Now, I recently was performing some tracing on a query and got the statistic back CONSISTENT_GETS. Yeah, I know what that it... I thought... I actually thought it was reads from a ROLLBACK SEGMENT. i.e. a read needed to keep the data consistent in a query. After I made mods to the query... I started to doubt my understanding of it. Then I decided to go chasing it's REAL MEANING.... which seems to be a pretty hard thing to do. The following are definitions I have found.
* 'consistent changes' = changes made to block for CONSISTENT READ and changes made to SORT blocks
'consistent changes' = db_block_changes counts modifications made to CURRENT blocks
consistent gets - Number of times a consistent read was requested for a block.
consistent changes -
Number of times a user process has applied rollback entries to perform a consistent read on the block.
None of which are really clear about what they are trying to say.
So, I'm wondering if anyone can provide me with a hard definition once and for all, just so I can clear my understanding of where it is actually reading from.
"consistent_gets is the number of times a consistent read was requested for a block"
"db_block_gets tracks the number of blocks obtained in CURRENT mode"
And a CONSISTENT READ would be....? From Where?
You see, I thought DB BLOCK GETS were from the DB_Buffer_Cache and Consistent reads were from the Rollback Segments and Physical Reads are from the Disk. Which I suppose is strange since Rollback Segments reside on disk.
I have received the following from Mark J. Bobak an Oracle DBA from ProQuest Information and Learning
If you look at V$SYSSTAT, you can gain some insight to the puzzle:
select name from v$sysstat where name like '%consistent%get%';
Will return (in my 9i database):
consistent gets - examination
no work - consistent read gets
cleanouts only - consistent read gets
rollbacks only - consistent read gets
cleanouts and rollbacks - consistent read gets
This may help you sort out the confusion. I'm not sure I can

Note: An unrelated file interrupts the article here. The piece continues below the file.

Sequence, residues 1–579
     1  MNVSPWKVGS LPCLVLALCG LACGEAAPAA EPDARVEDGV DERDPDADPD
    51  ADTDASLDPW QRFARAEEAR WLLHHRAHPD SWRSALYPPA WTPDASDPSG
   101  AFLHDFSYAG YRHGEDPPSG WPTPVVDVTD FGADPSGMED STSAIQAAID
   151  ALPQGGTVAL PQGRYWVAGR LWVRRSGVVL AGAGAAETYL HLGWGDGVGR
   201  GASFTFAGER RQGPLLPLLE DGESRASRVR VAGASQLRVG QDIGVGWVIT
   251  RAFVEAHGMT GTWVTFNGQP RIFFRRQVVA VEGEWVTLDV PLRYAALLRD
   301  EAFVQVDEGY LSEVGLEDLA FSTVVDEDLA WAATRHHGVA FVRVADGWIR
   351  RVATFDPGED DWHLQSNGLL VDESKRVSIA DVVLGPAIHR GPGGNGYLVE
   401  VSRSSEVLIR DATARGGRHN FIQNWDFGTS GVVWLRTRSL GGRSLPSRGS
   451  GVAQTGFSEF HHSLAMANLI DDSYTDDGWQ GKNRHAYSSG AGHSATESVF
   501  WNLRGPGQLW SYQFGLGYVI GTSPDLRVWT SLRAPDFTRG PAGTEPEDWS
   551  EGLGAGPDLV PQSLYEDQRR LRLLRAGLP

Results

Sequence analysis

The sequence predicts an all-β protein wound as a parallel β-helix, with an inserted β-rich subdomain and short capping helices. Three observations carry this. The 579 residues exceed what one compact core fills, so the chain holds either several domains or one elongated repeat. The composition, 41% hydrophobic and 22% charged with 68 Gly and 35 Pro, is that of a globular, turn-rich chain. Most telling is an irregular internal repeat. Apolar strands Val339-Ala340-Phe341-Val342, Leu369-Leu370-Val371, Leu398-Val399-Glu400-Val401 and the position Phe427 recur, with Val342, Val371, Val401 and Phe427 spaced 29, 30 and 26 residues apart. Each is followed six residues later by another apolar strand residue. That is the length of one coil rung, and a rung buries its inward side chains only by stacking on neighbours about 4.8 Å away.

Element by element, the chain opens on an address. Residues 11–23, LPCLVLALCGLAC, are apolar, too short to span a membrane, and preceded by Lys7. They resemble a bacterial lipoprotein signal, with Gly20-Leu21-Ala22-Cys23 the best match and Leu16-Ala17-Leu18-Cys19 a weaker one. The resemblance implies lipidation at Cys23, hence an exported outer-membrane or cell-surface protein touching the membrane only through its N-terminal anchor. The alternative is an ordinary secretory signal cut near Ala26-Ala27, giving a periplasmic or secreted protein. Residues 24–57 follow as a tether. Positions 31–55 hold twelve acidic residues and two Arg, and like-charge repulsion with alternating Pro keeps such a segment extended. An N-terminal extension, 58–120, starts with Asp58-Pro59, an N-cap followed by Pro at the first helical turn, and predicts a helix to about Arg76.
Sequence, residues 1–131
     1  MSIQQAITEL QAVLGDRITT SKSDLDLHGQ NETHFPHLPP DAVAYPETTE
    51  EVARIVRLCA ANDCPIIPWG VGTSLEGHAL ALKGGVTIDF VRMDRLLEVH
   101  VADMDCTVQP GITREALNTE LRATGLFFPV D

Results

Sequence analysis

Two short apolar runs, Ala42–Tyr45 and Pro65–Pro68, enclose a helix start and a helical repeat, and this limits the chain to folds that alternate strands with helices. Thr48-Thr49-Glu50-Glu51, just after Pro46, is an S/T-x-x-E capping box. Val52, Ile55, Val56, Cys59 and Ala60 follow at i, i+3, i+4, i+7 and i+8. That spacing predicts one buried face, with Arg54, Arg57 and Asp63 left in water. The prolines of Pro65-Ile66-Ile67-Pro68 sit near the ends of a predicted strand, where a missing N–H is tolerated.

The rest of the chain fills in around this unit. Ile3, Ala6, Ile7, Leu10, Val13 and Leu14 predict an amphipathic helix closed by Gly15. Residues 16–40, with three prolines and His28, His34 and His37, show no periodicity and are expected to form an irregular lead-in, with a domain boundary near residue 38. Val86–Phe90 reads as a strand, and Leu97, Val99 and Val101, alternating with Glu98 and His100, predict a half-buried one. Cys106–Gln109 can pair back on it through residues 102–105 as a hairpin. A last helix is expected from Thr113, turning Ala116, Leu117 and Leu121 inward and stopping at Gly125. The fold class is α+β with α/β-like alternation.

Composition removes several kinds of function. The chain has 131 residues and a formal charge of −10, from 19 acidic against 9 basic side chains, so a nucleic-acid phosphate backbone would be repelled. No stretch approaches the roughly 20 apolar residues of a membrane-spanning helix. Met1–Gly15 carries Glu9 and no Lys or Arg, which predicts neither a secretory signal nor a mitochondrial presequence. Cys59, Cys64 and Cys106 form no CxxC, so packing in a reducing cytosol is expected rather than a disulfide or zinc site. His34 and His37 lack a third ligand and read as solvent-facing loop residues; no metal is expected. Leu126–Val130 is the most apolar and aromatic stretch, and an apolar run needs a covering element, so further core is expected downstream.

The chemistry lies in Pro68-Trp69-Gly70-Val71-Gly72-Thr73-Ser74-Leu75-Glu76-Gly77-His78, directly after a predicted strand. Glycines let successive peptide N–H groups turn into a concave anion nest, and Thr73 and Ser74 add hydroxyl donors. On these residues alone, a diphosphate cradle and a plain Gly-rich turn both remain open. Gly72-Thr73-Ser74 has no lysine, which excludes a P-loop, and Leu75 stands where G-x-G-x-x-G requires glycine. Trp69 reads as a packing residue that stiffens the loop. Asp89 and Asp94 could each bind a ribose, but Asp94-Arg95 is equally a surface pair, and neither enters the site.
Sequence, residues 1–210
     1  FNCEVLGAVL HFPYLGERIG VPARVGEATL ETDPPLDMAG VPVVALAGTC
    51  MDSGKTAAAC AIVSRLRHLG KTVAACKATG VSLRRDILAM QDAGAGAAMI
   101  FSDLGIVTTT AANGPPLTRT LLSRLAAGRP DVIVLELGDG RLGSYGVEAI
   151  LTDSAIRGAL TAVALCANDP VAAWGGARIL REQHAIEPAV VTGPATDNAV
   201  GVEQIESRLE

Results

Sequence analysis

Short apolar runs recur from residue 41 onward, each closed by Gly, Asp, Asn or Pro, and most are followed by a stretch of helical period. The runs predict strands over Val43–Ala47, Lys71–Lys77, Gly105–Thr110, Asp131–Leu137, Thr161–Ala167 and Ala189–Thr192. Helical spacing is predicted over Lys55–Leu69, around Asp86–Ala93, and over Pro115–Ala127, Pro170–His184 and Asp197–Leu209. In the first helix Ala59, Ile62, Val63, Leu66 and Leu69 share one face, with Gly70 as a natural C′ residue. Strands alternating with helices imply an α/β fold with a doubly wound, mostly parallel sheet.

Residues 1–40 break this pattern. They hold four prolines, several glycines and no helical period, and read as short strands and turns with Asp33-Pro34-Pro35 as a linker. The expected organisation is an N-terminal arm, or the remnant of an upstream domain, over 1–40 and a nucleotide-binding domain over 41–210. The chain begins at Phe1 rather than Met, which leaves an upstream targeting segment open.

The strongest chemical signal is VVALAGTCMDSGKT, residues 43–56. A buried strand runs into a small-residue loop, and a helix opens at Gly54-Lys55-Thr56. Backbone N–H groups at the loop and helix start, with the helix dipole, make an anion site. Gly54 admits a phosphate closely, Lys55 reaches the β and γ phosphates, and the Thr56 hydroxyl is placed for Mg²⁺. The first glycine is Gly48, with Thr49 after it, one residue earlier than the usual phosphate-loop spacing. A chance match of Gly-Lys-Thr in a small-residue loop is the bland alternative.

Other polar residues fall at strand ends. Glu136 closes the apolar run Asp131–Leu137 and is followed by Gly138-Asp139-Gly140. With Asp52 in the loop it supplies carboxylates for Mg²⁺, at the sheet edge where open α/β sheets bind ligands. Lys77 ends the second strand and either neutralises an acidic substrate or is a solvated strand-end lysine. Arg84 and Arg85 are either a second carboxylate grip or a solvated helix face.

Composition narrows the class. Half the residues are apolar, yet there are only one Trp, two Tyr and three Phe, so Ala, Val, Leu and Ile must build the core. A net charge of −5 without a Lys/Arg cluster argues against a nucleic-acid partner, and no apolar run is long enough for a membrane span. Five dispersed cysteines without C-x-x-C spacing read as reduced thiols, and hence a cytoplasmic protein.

explain all of the above, but, let's start w/ the easy one:
'no work - consistent read gets'. This represents the number of times Oracle was doing a consistent read (select) and when it got the buffer, it was consistent w/ the start SCN of the select statement and had been cleaned out, so it didn't need to rollback any changes or cleanout.
'cleanouts only - consistent read gets' would be the number of buffers that Oracle got that needed delayed block cleanout, but not rollback.
'rollbacks only - consistent read gets' is number of buffers that Oracle got that needed rollback but not cleanout.
'cleanouts and rollbacks - consistent read gets' is number of buffers that needed both cleanout and rollback.
I'm not sure what the remaining ones are, and I just tried to get the numbers to add up, and I couldn't, so, there's probably more going on behind the scenes.
But, looking at these numbers, you can get a feel for how much extra work Oracle is doing to support read consistency.
Stale copies of blocks which are still in the memory cache make the consistent reads. Cached blocks that are not stale, are called current. And current blocks can be clean or dirty. Dirty means that the block has changed and still has to be written to disk. Clean means that the block does not contain changes that need to be written to disk.